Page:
Premature Ejaculation

Premature ejaculation is considered by most urologists to be the leading form of male sexual dysfunction, affecting about 30 percent of men of all ages. Premature ejaculation has various definitions ranging from ejaculating within one minute of vaginal penetration to ejaculating prior to a man’s partner achieving orgasm or general sexual satisfaction.

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Causes of Premature Ejaculation

The exact cause of premature ejaculation is not well known. Studies have shown a variety of factors alone or in combination may contribute to premature ejaculation including:

Psychological

Premature ejaculation can be caused by temporary depression, stress or anxiety about a relationship, unrealistic expectations about performance or a history of sexual problems.

Biological

A number of biological factors could be the cause of premature ejaculation including abnormal hormone levels, abnormal reflex activity of the ejaculatory system, hyperthyroidism or inflammation or infection of the prostate or urethra.

Neurobiological

It is believed that the neurotransmitter serotonin (5HT) plays a central role in controlling ejaculation. Low levels of serotonin in specific areas of the brain may cause premature ejaculation. Studies have shown that increases in serotonin levels can help delay ejaculation in some men.

Penile Sensitivity

Many physicians believe that penile hypersensitivity plays a predominant role in the ejaculatory response while others believe that premature ejaculation is the result of a combination of multiple contributing factors. The success of topical (applied to skin) medications provides strong reason to believe that penile sensitivity does contribute to premature ejaculation.

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Diagnosing Premature Ejaculation

A premature ejaculation diagnosis begins with:

  • Education – description of the potential psychological, biological, neurobiological and penile sensitivity causes of premature ejaculation.
  • Health issues – premature ejaculation is rarely caused by a biological health condition, but this can be determined following a basic health history.
  • Relationship issues – past or current relationship issues may be a cause of premature ejaculation.
  • Physical Examination – examination of the genital area is typically not required.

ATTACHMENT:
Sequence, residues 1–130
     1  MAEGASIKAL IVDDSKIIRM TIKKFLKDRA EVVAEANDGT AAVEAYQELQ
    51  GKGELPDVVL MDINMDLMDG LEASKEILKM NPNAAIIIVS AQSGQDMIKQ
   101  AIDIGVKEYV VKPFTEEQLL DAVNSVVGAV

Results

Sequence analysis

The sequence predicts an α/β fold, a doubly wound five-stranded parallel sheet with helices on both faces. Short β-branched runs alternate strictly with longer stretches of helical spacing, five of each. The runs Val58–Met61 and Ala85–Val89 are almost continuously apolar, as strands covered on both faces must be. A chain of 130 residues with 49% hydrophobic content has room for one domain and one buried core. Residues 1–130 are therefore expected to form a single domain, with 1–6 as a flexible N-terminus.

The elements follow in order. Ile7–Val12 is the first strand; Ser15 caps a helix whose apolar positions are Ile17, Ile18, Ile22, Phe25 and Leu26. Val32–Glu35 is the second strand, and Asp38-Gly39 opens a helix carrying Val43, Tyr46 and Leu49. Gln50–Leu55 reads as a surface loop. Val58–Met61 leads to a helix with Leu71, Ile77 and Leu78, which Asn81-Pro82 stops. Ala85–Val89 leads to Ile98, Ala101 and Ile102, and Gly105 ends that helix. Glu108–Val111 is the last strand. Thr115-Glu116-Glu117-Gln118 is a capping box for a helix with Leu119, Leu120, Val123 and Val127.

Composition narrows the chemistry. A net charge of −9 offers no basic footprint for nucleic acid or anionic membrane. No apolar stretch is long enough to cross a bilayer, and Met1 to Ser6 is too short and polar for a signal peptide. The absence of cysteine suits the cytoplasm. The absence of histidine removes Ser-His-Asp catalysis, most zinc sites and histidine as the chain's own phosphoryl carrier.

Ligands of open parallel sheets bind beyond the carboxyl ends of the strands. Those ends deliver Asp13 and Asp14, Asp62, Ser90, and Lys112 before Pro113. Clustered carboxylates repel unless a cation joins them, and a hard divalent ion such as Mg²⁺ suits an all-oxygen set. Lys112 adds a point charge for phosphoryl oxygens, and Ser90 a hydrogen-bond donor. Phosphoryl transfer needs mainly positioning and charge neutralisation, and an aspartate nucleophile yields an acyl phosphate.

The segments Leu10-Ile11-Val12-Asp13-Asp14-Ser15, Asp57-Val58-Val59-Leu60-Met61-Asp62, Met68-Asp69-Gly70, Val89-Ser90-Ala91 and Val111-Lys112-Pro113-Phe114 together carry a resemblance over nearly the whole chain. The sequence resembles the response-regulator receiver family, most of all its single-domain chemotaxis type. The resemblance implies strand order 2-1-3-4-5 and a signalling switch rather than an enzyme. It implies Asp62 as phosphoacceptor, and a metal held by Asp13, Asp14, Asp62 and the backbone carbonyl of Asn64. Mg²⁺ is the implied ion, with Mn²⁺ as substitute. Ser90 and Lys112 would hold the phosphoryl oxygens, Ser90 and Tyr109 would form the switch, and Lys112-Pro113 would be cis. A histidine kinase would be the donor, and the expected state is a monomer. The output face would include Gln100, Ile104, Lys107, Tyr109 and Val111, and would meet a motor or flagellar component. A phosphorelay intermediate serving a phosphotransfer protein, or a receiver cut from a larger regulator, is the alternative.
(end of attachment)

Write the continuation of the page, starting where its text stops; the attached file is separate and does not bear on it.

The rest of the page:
premature ejaculation

Treatments

Behavioral therapy – Some patients respond to techniques such as starting and stopping. Although effective at times, most patients report limited sexual satisfaction with these methods. There are several other options available for treating the condition.

  • Topical medications – Topical anesthetic medications are typically the first treatment option for premature ejaculation. They are effective, easy-to-use, low-cost and have a negligible risk of systemic side effects.
  • One option for patients is a new product, Promescent®, from Absorption Pharmaceuticals, which provides improved ejaculatory latency (the time from penetration to ejaculation) with minimal loss of sexual sensation.
  • Oral medications – Some men respond well to low doses of the antidepressants known as selective serotonin reuptake inhibitors (SSRIs). These are prescribed off-label, with some side effects.

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Resources & Events

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Dr. Julien Dagenais and Dr. Mark Jones of The Urology Center of Colorado performed the first robotic-assisted ileal conduit urinary diversion with cystectomy at Swedish Medical Center in November, 2018. Brianna Robinson, the first patient at Swedish Medical Center to receive this new minimally invasive procedure, suffered from interstitial cystitis, or IC, a very painful

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2018 Shave Off – 11/2/18

November is National Men’s Health month and you can show your support by shaving and growing a beard during the month. TUCC Foundation has partnered with Swedish Medical Center to provide free shaves on Friday, November 2nd. FREE VALET IS AVAILABLE When: November 2nd, 10:00am to 2:00pm Where: Swedish Medical Center – 501 E. Hampden

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